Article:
Middle English (in the senses 'way of thinking, opinion', 'court's declaration of punishment', and 'gist (of a piece of writing')): via Old French from Latin sententia 'opinion', from sentire 'feel, be of the opinion'
A unit of language consisting of one or more finite clauses. If a sentence contains just one clause, it is described as simple:The commissioners entered Pisa on Friday 8 June. Surrounded by high waves, in the middle of the North Sea, a team of French engineers are constructing the first offshore oil-rig platforms. As the second of the examples shows, simple sentences are not necessarily either short or simple in meaning.If a sentence contains more than one finite clause it is described as multiple. In the example that follows the clauses are marked:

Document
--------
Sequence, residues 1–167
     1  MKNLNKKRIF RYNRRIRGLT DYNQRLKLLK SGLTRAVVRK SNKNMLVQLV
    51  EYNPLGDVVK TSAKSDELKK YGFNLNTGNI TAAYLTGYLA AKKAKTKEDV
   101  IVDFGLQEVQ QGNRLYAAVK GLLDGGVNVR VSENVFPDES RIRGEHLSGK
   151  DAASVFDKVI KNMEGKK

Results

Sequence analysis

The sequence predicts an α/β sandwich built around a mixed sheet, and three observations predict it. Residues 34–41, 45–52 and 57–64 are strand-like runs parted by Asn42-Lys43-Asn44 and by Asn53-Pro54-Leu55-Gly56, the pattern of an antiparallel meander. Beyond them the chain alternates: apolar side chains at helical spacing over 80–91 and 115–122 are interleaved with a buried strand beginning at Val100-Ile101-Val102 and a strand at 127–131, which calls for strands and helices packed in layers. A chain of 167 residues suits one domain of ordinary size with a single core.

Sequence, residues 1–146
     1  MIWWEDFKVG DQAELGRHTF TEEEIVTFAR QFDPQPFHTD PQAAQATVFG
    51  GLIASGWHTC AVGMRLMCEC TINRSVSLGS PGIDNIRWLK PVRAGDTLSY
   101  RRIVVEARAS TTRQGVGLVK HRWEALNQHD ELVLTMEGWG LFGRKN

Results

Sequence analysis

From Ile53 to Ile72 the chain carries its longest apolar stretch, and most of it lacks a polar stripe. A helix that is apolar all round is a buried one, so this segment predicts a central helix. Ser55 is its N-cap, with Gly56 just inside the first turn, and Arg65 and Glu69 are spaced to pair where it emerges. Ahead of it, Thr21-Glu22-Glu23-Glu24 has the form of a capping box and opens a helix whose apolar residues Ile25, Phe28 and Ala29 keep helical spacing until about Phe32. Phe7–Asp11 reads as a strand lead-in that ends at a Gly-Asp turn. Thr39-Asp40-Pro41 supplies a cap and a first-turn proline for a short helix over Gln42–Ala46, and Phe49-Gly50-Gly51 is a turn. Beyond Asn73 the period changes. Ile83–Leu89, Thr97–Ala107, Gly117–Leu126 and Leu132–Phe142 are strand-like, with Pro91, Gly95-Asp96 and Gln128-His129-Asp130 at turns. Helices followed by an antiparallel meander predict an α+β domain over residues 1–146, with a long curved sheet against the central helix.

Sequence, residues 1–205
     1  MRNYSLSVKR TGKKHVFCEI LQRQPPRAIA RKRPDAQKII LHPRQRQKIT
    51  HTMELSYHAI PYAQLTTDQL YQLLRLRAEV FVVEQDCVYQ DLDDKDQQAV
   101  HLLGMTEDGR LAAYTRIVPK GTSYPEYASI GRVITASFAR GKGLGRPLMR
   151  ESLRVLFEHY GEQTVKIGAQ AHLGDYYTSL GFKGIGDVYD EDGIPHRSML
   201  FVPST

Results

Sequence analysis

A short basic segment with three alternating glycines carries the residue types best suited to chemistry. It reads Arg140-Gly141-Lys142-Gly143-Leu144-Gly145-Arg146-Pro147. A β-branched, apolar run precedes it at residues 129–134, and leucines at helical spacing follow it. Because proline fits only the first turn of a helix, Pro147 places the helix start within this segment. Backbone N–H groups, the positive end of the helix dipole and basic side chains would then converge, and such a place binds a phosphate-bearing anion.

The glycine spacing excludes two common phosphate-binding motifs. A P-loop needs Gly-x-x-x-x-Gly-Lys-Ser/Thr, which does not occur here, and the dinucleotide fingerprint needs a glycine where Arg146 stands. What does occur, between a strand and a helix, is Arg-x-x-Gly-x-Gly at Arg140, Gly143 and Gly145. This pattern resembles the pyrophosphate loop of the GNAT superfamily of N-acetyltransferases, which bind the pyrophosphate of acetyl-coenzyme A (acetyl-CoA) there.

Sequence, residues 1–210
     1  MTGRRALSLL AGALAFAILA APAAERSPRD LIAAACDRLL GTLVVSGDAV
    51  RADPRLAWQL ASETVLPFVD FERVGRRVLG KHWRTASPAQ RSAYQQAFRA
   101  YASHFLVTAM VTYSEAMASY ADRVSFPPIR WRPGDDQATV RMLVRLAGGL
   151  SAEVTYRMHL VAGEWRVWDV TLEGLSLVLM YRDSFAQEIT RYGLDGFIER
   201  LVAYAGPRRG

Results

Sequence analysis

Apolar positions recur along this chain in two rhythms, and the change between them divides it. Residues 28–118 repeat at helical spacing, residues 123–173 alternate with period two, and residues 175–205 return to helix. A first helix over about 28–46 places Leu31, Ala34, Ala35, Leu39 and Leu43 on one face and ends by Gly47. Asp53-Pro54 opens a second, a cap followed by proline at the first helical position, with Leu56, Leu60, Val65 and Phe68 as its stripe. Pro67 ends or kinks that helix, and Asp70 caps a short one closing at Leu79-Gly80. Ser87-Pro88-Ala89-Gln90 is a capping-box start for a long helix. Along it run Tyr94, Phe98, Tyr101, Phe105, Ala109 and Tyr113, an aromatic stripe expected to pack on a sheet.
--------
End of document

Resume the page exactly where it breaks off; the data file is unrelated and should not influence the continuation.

|Nobody is sure||whether it will work||but everything has to be done fast.|
The ending of sentence is spelled -ence.